A baker’s dozen Maine learning adventures: Combine your vacation with a learning adventure in Maine


Want to add some value to your Maine vacation dollar? Instead of simply lazing away a summer vacation, pair it with an opportunity to learn something new. Conquer nature-deficit disorder with a family immersion into the great outdoors on an island. Learn to paddle a sea kayak, craft furniture by hand, build a boat, play an instrument, even build a surfboard. Perhaps discover the skills necessary to survive in the wilderness or bone up on aviation history. These learning adventures, based in some of Maine’s most scenic areas, allow participants to bring home not only memories, but also souvenir skills and knowledge.

Home, Sweet Home

In 1974, enterprising entrepreneurs Pat and Patsy Hennin jumped on the do-it-yourself bandwagon and established the Shelter Institute to train neophytes in energy-efficient home design and construction techniques. Since then, thousands of students have taken courses here, and enthusiastic alumni (and their building projects) span the globe. Students range in age from late teens to early 80s. Courses take place on the school’s 68-acre campus in Woolwich, five miles north of Bath. Visitors are welcome any time, and anyone who appreciates fine woodworking tools must visit the institute’s Woodbutcher Tools retail shop and bookstore.

Contemplative Skiff Building

Word of mouth seems to be the best marketing tool for The Carpenter’s Boatshop. Founded in 1979 by Bobby Ives, an engaging Congregational minister, and his late wife, Ruth, the boatshop accepts interested applicants of any denomination to join a community dedicated to both spirituality and boatbuilding. This is no laid-back, contemplative religious retreat; serious boatbuilding supports the Pemaquid-based community. Apprenticeships run mid-September–mid-June, and there’s no tuition. Room and board are provided. The diverse group of 6–8 students all become part of the boatbuilding crew, working at least 40 hours a week in the huge shingled barn/boatshop. Each student builds a 9.5-foot Monhegan skiff, contributes to the construction of three types of stock wooden boats, helps with all the daily chores, and spends Saturday morning doing valuable community service on the Pemaquid Peninsula. During daily prayer gatherings, students can participate or use the time for reading or other reflective pursuits.  A summer program offers one-week courses in basic boat building, woodworking, furniture making, and related skills, with fees varying by course.

Creating a Smaller World

Begun in 1986 to provide language classes for adults, Rockland’s  Penobscot School has become a multicultural clearinghouse with ties around the globe. In fall, winter, and spring, the school offers day and evening courses in nearly a dozen languages, sponsors ethnic dinners and festivals, organizes language-immersion weekends, and puts on international study programs in local schools. July–September, international students (ages 18–65) arrive at the school for intensive three-week English-language courses. On summer weekdays, visitors are often invited for lunch at the school to interact with students practicing their English.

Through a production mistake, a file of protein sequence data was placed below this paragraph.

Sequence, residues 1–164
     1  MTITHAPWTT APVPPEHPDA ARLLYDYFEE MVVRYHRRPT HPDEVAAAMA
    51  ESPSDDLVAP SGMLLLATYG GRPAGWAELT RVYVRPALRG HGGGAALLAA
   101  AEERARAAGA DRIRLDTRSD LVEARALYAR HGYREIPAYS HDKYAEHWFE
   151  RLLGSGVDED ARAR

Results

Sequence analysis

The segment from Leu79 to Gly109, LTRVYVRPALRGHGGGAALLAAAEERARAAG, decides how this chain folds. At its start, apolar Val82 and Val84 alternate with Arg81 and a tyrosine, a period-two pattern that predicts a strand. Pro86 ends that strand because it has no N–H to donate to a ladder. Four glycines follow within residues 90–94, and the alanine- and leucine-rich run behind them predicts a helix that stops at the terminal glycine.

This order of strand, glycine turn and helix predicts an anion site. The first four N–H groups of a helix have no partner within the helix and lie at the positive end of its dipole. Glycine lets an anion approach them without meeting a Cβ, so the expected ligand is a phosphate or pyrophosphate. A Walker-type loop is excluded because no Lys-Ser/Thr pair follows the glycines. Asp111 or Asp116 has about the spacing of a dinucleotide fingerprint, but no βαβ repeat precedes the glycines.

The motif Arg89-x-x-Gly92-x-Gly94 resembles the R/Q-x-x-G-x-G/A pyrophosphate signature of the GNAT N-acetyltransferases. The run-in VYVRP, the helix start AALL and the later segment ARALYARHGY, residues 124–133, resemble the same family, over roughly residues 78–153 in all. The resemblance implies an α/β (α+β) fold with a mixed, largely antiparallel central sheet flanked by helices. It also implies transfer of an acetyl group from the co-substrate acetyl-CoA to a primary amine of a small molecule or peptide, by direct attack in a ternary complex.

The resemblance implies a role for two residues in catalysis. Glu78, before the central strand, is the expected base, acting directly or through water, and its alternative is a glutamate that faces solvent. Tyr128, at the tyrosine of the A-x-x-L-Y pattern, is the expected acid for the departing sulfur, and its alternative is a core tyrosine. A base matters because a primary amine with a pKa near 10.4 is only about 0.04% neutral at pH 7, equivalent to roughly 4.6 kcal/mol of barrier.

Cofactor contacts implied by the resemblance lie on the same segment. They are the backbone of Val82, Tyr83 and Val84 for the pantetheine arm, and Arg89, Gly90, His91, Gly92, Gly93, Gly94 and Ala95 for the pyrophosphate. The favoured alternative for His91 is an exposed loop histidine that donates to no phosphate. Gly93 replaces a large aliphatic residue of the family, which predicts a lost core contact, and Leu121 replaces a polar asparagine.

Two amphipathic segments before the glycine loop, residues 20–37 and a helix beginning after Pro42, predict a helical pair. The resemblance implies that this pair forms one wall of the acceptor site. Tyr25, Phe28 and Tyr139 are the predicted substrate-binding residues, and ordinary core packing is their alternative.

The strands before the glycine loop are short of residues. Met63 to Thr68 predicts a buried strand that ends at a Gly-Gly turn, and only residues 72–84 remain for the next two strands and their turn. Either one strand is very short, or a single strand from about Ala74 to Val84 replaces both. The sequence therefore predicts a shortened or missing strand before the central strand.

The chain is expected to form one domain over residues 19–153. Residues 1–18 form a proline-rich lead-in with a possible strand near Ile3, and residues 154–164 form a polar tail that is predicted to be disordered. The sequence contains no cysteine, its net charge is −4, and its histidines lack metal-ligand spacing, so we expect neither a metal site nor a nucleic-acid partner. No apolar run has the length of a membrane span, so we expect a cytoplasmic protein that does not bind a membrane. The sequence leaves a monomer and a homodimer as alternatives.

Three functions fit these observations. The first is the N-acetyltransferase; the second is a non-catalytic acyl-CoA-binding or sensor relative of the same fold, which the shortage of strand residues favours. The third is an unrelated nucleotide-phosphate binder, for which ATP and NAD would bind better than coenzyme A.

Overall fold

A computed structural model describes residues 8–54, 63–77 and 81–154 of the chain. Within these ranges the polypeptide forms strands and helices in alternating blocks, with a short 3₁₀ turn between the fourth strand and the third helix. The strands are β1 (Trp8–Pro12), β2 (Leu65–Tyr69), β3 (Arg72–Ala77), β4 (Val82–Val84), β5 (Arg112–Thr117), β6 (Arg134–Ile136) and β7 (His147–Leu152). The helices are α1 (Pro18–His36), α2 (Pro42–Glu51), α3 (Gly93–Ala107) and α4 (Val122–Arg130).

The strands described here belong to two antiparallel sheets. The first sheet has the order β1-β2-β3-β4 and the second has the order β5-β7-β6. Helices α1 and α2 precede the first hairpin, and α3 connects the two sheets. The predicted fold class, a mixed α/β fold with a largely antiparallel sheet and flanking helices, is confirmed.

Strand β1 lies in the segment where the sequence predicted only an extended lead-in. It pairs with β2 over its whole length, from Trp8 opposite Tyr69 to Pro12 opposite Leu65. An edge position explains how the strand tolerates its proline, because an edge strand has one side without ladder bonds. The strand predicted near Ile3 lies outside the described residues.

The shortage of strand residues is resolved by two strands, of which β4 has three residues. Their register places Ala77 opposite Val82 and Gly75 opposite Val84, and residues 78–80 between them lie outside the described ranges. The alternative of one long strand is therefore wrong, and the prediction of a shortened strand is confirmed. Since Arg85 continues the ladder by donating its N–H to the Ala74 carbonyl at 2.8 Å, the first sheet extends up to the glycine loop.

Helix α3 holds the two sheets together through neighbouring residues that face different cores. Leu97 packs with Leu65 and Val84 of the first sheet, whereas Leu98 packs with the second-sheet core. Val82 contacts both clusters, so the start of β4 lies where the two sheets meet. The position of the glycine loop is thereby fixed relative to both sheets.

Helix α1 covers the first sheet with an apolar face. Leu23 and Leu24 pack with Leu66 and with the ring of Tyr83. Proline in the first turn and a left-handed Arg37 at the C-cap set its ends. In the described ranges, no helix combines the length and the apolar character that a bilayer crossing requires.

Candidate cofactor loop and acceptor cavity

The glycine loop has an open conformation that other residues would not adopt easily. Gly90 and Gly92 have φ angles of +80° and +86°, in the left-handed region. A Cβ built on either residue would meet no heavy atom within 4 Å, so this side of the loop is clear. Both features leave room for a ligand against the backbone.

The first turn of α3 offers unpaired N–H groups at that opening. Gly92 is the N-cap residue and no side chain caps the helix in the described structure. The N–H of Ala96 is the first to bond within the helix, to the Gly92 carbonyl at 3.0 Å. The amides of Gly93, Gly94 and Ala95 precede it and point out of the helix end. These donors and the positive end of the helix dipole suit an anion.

Furnish Your Future

Alumni of the one-, two-, and 12-week workshops at the Center for Furniture Craftsmanship, established in 1993, can’t say enough about their experiences. In the Basic Woodworking course, students get a detailed intro to making furniture, while using mostly traditional hand skills to build a small bench or similar project. In the process, you’ll learn how to sharpen tune and use hand tools and safely use power tools, as well as how to select lumber and mill, join, scrape, sand, assemble and finish your project. If you know the basics, consider more intense workshops such as twig tables, sculptural furniture, chair design or box making. Other possibilities include specialized courses in carving, veneer and marquetry, wood turning and finishing. Classes take place on the school’s Rockport campus, with easy access to Camden and Rockland. Social activities include potluck suppers, faculty slide shows and openings at the on-campus Messler Gallery. The wide-ranging courses develop various skill levels, from beginner to pro. The center can help arrange for lodging and meals. It’s open all year.

Musical Interlude

If you’ve always regretted either never taking or quitting music lessons, it’s not too late to learn. SummerKeys, in the way, way Down East coastal village of Lubec, offers instruction in piano, mandolin, guitar, trumpet, cello, clarinet, harp, flute, violin and even voice. You don’t need any previous experience, nor are there any admission requirements. The school invites potential students to “Come as you are to enjoy the study, the work and the beauty of the Maine Coast.”  Most sessions include three to five private lessons, practice times, group classes and optional performance. Class members usually socialize at concerts and perhaps meals.  Accommodations and meals are on your own, although area lodging discounts are available.

Build, Build, Build Your Boat